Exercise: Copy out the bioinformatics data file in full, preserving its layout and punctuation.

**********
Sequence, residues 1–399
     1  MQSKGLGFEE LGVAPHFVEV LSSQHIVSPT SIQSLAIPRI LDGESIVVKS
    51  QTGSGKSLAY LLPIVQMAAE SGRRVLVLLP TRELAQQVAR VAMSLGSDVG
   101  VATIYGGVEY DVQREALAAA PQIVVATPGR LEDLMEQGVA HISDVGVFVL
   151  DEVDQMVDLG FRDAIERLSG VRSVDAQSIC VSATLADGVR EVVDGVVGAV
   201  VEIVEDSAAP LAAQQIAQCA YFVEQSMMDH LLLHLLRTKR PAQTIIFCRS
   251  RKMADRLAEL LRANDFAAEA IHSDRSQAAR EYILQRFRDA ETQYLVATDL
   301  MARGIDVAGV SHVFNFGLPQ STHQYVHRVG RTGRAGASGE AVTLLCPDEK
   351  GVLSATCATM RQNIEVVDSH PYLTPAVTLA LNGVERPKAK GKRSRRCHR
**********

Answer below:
Sequence, residues 1–399
     1  MQSKGLGFEE LGVAPHFVEV LSSQHIVSPT SIQSLAIPRI LDGESIVVKS
    51  QTGSGKSLAY LLPIVQMAAE SGRRVLVLLP TRELAQQVAR VAMSLGSDVG
   101  VATIYGGVEY DVQREALAAA PQIVVATPGR LEDLMEQGVA HISDVGVFVL
   151  DEVDQMVDLG FRDAIERLSG VRSVDAQSIC VSATLADGVR EVVDGVVGAV
   201  VEIVEDSAAP LAAQQIAQCA YFVEQSMMDH LLLHLLRTKR PAQTIIFCRS
   251  RKMADRLAEL LRANDFAAEA IHSDRSQAAR EYILQRFRDA ETQYLVATDL
   301  MARGIDVAGV SHVFNFGLPQ STHQYVHRVG RTGRAGASGE AVTLLCPDEK
   351  GVLSATCATM RQNIEVVDSH PYLTPAVTLA LNGVERPKAK GKRSRRCHR